The number of Chinese buyers of US real estate has exceeded the number of Canadian buyers and they are now the top foreign purchasers of residential real estate. Now, according to an article in mansionglobal.com, South Florida developers are keen to entice these buyers.
This year figures from the National Association of Realtors show that Chinese buyers have purchased $27.3 billion worth of property in the US, but even so, they only account for around 2% of residential sales to international buyers in Miami-Dade and Broward counties.
However, things are changing thanks to the introduction of amenities and designs that appeal to Chinese buyers looking for luxurious accommodation combined with clean air and beautiful beaches. In 2015, Chinese buyers accounted for 4% of residential real estate purchases in Florida. This figure was just 1% in 2009 and was virtually zero in 2008. Now condo developers in Miami are choosing to work with world-class architects and are designing modern looking buildings that will especially appeal to Chinese buyers who are becoming more aware of the amenities offered by Miami.
Echo Brickell epitomizes the type of building that appeals to luxury homeowners as the architectural designer has worked in East Asia since the 1990s and is well aware of the type of amenities that appeal to this particular group of buyers. In the past, Chinese investors were purchasing multiple mid-priced properties purely for investment, but things have changed. Apparently now in Chicago and New York they are purchasing property in high-end buildings and often staff quarters are required. This is something that is easily understood by developers in Miami who are used to catering for international buyers.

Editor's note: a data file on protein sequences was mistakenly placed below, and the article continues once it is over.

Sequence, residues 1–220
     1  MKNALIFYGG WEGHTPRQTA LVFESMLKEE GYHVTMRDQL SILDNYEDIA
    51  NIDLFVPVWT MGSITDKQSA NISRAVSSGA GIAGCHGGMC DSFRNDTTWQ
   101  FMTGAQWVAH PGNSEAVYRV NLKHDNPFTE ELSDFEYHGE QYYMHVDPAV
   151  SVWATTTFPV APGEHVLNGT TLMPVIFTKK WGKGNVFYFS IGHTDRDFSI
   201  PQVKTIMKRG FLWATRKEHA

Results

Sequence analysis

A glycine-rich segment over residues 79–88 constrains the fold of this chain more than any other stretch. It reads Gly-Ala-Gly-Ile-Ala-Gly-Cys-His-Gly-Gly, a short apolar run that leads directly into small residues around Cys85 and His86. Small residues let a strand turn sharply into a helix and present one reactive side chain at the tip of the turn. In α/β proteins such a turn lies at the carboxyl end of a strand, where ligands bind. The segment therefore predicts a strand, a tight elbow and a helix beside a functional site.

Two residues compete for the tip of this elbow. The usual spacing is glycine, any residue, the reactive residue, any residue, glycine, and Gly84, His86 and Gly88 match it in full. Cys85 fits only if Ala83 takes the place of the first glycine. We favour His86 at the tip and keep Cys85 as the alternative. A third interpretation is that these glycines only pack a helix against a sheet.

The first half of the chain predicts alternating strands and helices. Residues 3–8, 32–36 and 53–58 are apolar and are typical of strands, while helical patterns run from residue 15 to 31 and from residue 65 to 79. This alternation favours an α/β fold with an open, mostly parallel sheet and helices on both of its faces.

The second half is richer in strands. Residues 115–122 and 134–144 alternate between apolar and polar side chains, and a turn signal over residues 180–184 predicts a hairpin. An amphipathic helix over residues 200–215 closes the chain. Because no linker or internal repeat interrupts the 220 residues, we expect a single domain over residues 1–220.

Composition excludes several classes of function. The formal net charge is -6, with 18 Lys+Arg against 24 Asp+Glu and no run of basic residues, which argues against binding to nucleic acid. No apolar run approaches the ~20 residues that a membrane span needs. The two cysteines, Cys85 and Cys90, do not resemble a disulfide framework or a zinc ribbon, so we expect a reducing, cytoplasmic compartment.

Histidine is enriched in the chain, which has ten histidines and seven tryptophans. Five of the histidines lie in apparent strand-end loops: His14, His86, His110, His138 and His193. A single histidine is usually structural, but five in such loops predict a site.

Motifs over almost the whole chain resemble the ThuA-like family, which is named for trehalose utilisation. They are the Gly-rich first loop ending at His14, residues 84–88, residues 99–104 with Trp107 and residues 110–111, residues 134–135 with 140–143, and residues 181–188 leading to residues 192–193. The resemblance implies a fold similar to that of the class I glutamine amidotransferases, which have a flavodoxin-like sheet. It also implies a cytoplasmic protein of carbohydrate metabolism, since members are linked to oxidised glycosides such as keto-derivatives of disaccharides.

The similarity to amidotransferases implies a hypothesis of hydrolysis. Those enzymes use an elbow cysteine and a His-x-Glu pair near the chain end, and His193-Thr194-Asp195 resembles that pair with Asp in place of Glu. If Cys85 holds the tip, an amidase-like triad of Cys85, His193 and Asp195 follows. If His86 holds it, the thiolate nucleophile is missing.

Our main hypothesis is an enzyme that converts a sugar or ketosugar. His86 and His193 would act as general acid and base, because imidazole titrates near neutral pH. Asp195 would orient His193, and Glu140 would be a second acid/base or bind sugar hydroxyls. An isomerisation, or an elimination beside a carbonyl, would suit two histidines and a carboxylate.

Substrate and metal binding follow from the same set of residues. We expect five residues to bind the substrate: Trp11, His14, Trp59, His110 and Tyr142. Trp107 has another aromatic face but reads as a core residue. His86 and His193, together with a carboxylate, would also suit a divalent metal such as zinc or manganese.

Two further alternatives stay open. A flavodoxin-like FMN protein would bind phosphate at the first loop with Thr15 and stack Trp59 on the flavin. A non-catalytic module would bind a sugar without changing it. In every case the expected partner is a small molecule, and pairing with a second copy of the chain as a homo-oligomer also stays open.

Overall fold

Another factor that tends to be important to Chinese buyers is the rentability of a property and as a result turnkey units that are fully furnished are in high demand, particularly those in high-quality buildings that have a modern appearance and luxury amenities. Chinese investors also prefer sticking to brands that are familiar to them. The Brickell City Center is a good example as it was developed by a company in Hong Kong called Swire, and this name would already be familiar with many Chinese buyers who recognize it as being a high-quality brand.
Improvements in development, communication, and transportation in Miami have helped significantly as just recently the City Council of North Miami approved a plan for creating a Chinatown in the commercial part of the city. This would serve as a base for the many Asian students who currently attend Florida International University. The local aviation department is also in talks with Cathay Pacific with hopes of introducing a non-stop service between Miami and Hong Kong.